Dr. Williams’s research, which will soon be available in the book Subversive Habits: The Untold Story of Black Catholic Nuns in the United States, has identified both the overt and unspoken exclusion of Black women by many U.S. congregations in the 19th and 20th centuries. Some of the stories she shared were shocking examples of blatant racism, but she also gave a sense of the insidious way that Black women were excluded from communities.

“An examination of our congregation’s archives did not find any documentation of whether or not we excluded women of color from the novitiate,” said Catherine Lucy, director of the Carondelet Consolidated Archive. She added that this type of research is difficult because there is no one place to find a definitive answer.

“Right now, our best bet and my hope for the future is that any sisters who witnessed discrimination will document those experiences and help keep the stories alive,” said Lucy. “Oral storytelling provides a unique perspective of moments in time that might not be documented in any other form.”

One such story is that of Barbara Moore, CSJ, who joined the congregation in 1955. She was the first African American Sister of St. Joseph of Carondelet that we know of; others who identify as women of color but could “pass” as white may have chosen not to be identified.

“I have been blessed in having strong and supportive women in leadership positions during my entrance in community, formation, and ministries,” said Sister Barbara. “Also, most of the young women with whom I entered were gracious and kind. I am aware that some of the professed sisters had reservations about my entering; however, none ever confronted me personally nor was I aware of any overt discrimination.”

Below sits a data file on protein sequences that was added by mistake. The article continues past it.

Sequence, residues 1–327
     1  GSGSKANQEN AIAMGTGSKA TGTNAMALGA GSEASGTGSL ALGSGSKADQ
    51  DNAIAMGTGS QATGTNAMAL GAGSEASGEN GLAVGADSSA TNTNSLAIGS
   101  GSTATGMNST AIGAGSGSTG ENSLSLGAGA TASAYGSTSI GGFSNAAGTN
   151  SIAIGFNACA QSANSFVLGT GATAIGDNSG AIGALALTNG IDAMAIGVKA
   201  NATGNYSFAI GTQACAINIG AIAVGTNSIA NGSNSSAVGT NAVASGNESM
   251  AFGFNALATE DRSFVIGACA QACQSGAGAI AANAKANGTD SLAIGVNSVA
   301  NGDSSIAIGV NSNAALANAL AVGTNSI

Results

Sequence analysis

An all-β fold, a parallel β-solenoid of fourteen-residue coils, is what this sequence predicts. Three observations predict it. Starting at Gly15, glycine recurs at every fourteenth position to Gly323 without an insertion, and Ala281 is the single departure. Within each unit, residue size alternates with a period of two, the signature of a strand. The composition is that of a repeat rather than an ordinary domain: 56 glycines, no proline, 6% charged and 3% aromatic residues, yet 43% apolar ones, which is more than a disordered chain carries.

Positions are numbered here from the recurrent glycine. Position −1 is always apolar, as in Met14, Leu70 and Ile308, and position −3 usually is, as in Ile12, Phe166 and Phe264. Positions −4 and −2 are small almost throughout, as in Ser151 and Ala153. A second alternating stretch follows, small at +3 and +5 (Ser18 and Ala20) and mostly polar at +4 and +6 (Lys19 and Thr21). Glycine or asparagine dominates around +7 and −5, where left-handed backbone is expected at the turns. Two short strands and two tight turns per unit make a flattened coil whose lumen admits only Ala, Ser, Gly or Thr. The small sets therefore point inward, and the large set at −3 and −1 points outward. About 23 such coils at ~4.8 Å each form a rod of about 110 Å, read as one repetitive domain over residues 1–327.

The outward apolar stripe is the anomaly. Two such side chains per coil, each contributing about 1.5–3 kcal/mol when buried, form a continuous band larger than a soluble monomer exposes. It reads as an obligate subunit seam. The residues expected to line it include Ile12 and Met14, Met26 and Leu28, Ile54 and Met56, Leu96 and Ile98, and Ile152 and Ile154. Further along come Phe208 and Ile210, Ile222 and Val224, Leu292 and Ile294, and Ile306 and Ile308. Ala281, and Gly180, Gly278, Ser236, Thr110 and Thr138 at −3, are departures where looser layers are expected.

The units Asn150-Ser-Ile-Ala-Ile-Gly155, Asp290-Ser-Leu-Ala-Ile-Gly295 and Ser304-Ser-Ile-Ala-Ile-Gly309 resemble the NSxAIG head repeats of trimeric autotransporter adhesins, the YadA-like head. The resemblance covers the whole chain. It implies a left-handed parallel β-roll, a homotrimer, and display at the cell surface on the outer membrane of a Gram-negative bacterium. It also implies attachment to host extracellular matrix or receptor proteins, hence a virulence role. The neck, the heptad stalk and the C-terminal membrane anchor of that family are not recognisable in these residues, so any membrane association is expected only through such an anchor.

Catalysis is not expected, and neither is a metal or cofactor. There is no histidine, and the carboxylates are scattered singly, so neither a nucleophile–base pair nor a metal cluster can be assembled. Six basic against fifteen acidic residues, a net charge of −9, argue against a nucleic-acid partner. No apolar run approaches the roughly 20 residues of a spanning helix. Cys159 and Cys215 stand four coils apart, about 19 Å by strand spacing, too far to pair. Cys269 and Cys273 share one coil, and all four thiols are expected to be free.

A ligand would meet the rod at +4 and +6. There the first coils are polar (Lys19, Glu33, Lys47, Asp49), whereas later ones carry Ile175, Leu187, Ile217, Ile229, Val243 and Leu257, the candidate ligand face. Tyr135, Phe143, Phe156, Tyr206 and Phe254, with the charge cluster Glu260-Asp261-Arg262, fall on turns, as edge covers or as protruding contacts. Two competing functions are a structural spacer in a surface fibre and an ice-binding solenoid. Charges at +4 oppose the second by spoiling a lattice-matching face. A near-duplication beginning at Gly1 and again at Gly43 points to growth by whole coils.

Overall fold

She found an additional support network through membership in local and national organizations for Black Catholics. “My membership in these organizations has been supported throughout many years,” she said.

Moving Forward

Archivists and historians may scour our historical documents, but the best way to examine our past and move forward in hope is to talk about it. All four of our provinces have been focusing on racism by hosting workshops, presentations, film and book studies, and by forming racial justice committees. At the center of all of these actions is deep listening and discussion.

That is exactly what Dr. Williams urges the Catholic Church to do. “I would hope that people see that the Catholic Church has within it a beautiful, vibrant, and a central tradition of confronting and rejecting racial discrimination and segregation. And that the church has left us a powerful blueprint to be able to confront the challenges that we face today. But critically, if we want to face and find that blueprint, we have to tell the stories of Black Catholics. And so I think that is the biggest takeaway: that the church has within it everything that it needs to confront the challenges that we are facing with regard to racism, with regards to discrimination, with regards to becoming the true beloved community. And I think one way to do it is to tell the stories.”

Shannon Dee Williams, Ph.D quote

 

This story appeared in the 2020 issue of Carondelet Magazine, which was published May 1, 2020. Find downloadable versions of this and every issue on the Carondelet Magazine page.

   July 10th, 2020      Posted In: Congregation, Featured Stories, In The News, Justice, St. Louis